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Drying Lumber Question

Discussion in 'Off Topic Threads' started by Auctioneer, Jul 9, 2013.

  1. Auctioneer

    Auctioneer Well-Known Member

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    Someone has lumber that came from a fallen tree. I was told the tree feel about 3 years ago and they sawed it up 8 months ago. It has been stored inside or under cover. How would you all grade the dryness of it?
     
  2. Shootrman

    Shootrman Member

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    I was told by a farmer that cut lumber usually drys about an inch a year by thickness. Later years he'd paint the ends to prevent checkering then put them above his hay dryer for faster drying time
     
  3. ImpalaBob

    ImpalaBob Member

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    What type of tree? Hard woods like red or white oak take longer to dry than ash or walnut. A moisture meter is a cheap investment. http://www.harborfreight.com/digital-mini-moisture-meter-67143.html
     
  4. Auctioneer

    Auctioneer Well-Known Member

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    Its Red Oak. From what has been said here the wood is still green.
     
  5. Catpower

    Catpower Molon Labe TS Supporters

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    As said before it is a good idea to paint the end grain so you don't get too much radial cracking but it should have been done as soon as the logs were cut, but if it isn't it is not the end of the world, you will just have to cut off a little more to get rid of it

    And a moisture meter is a good idea
     
  6. WS-1

    WS-1 Banned User Banned

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    Was the lumber "dead piled" or put on hack sticks? Was it covered in such a way that the air could freely circulate through it? Was it kept from getting too warm too fast? Drying lumber is a science, not an art. Even in very large, computerized dry kilns, the rate of drying is closely monitored. Rapid de-moisturizing can cause warping and end-shaking. Mold is a threat if the lumber dries too slowly. If lumber is allowed to sit on the forest floor, it is an instant candidate for a host of species specific fungi. Even the time of year of the harvest affects value and grade of some lumbers.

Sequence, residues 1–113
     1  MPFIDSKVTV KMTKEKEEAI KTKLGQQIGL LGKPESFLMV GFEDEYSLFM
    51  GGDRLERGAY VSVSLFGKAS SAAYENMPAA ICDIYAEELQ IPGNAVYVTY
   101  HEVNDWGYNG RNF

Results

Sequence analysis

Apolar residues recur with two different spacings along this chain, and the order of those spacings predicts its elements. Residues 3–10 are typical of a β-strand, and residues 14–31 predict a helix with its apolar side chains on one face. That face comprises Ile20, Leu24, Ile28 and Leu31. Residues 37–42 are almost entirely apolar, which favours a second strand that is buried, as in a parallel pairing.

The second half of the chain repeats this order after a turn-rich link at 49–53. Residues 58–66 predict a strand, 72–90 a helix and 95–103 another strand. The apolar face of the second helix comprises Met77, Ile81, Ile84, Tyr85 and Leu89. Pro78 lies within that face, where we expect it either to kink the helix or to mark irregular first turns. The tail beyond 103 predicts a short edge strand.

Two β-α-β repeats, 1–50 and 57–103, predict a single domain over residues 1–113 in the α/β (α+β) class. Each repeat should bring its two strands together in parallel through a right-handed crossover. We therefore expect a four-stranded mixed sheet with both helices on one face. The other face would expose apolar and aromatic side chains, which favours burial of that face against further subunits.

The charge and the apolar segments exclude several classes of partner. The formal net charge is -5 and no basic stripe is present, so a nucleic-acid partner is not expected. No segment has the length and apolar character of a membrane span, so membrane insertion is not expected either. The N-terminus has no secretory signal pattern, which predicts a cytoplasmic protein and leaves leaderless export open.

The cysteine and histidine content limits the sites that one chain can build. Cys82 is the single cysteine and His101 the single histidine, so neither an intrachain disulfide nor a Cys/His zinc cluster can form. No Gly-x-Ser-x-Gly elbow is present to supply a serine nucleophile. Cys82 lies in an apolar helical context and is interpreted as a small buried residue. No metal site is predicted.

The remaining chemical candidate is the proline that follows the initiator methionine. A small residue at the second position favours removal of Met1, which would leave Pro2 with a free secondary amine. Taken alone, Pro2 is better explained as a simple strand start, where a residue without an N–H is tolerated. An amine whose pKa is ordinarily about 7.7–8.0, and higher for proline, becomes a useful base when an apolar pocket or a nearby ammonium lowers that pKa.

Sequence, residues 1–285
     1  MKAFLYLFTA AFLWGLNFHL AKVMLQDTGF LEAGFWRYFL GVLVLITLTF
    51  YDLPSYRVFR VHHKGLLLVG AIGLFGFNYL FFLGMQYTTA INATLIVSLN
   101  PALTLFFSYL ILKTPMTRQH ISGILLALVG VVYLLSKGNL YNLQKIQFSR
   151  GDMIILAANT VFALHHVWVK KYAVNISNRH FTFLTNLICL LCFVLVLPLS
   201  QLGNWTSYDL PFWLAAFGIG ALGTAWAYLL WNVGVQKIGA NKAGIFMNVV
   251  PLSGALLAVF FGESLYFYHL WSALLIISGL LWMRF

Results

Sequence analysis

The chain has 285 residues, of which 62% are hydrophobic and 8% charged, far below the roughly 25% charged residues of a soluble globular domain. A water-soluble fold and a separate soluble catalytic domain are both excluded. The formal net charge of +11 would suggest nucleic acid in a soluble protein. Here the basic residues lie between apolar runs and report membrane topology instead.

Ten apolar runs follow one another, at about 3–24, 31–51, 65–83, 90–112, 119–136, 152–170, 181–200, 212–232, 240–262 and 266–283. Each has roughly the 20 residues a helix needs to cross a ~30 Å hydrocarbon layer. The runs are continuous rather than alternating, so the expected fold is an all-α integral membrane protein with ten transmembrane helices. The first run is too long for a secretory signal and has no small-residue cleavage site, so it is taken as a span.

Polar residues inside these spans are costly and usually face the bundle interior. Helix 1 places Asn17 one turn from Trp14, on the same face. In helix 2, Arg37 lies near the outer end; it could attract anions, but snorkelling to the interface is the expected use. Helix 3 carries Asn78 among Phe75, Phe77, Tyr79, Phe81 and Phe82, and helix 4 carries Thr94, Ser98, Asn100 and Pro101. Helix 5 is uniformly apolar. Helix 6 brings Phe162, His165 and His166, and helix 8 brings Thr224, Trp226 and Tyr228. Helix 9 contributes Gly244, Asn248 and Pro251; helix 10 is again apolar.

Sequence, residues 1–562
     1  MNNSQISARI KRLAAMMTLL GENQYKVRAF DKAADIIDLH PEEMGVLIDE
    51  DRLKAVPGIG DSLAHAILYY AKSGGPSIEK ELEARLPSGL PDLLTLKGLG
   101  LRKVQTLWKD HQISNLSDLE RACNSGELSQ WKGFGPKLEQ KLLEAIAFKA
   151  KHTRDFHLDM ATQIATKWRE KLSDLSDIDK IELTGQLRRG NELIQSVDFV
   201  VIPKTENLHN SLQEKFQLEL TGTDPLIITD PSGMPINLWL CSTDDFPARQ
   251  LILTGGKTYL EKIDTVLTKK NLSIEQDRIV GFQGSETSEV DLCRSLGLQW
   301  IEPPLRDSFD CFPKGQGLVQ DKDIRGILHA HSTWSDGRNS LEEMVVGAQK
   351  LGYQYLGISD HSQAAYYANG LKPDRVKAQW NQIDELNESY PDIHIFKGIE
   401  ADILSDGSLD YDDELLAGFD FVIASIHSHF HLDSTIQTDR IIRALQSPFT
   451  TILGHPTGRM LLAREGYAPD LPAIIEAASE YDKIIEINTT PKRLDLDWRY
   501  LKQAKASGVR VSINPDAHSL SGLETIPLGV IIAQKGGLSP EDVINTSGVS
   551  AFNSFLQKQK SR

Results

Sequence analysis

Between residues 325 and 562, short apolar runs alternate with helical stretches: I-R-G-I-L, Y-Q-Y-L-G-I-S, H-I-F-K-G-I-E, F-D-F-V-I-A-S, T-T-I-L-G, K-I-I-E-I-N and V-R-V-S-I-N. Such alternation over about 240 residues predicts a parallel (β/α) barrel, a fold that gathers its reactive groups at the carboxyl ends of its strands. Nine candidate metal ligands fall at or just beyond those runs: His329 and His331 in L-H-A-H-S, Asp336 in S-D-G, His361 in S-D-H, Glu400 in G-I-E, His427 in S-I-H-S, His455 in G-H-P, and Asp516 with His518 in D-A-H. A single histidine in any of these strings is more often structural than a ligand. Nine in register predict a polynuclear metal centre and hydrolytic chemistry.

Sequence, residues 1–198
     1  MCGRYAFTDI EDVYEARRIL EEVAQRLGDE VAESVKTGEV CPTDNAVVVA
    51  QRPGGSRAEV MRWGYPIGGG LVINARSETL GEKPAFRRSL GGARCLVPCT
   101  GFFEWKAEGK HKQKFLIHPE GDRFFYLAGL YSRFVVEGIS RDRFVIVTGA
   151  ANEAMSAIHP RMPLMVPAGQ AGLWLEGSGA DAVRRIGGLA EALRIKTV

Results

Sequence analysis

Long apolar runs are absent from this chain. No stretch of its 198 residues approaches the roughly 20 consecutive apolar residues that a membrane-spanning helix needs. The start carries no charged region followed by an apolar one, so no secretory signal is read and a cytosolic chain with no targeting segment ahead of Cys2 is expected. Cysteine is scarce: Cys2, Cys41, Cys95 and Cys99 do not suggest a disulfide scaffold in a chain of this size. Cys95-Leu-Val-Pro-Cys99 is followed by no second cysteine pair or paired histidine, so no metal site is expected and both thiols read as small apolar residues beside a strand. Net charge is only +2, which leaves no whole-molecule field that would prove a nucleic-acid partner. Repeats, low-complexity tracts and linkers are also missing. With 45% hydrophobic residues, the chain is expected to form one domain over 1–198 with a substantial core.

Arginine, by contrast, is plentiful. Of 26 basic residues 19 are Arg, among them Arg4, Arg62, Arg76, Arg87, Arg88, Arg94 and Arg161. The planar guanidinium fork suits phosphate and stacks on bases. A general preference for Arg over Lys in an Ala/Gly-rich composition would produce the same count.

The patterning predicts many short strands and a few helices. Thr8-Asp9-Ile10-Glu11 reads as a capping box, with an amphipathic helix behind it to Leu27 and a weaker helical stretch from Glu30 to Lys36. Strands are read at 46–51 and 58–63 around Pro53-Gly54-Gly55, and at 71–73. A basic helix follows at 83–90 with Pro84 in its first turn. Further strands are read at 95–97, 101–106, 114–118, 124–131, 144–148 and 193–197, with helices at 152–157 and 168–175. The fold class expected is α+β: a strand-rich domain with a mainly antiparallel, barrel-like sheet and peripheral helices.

7. Auctioneer

    Auctioneer Well-Known Member

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    From the pic's he has used spacers and theres space between the layered boards. I don't know if its in the barn or basement.
     
  8. maka

    maka Member

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    As stated above buy a moisture meter. I bouhgt mine from Grizzly's. Goole them or Harbor Frieght. Good Luck.
     
  9. WS-1

    WS-1 Banned User Banned

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    Auctioneer,

    At this point, we need to know what the species of the lumber is and what it is going to be used for. If you want to use it for siding boards on a barn, you can hang it and let it air-dry on the structure. If it is going to be used as T&G finished flooring in the second story of a new home, then it will have to be as dry as a "popcorn fart."

    Let me know. There are a lot of variables left to be evaluated.
     
  10. DJM

    DJM Member

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    Here in Minnesota the best one can hope for air dried lumber is 12% moisture content. We have humidity in the summer. I have done it more than a few times and that is where my stacks ended up at. Conventional wisdom says you must dry one year per inch of thickness. I agree with WS-1. 12% is OK for things like outdoor furniture, siding, fencing, even T & G interior paneling. Wood in your living room in winter wants to be at about 7%. There is significant shrinkage going from 12 to 7%. I built all my cabinets with air dried wood and they are all right but I can show you some minor problems. Raised panel doors are more tolerant of air dried wood. I built a large dining room buffet with a plate display rack and that had some problems with wood warping as it dried.
     
  11. Auctioneer

    Auctioneer Well-Known Member

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    In my second post I did say it was Red Oak that I was looking at. I would rather have White Oak but I will take what I can get at this point.

    I have made two gun racks for silent auctions for kid shooting events and they sold well for them. One was pine and I just didn't like it but it did sell. The other one was Oak and it looked great and people liked it better.

    Each gun rack holds 16 guns.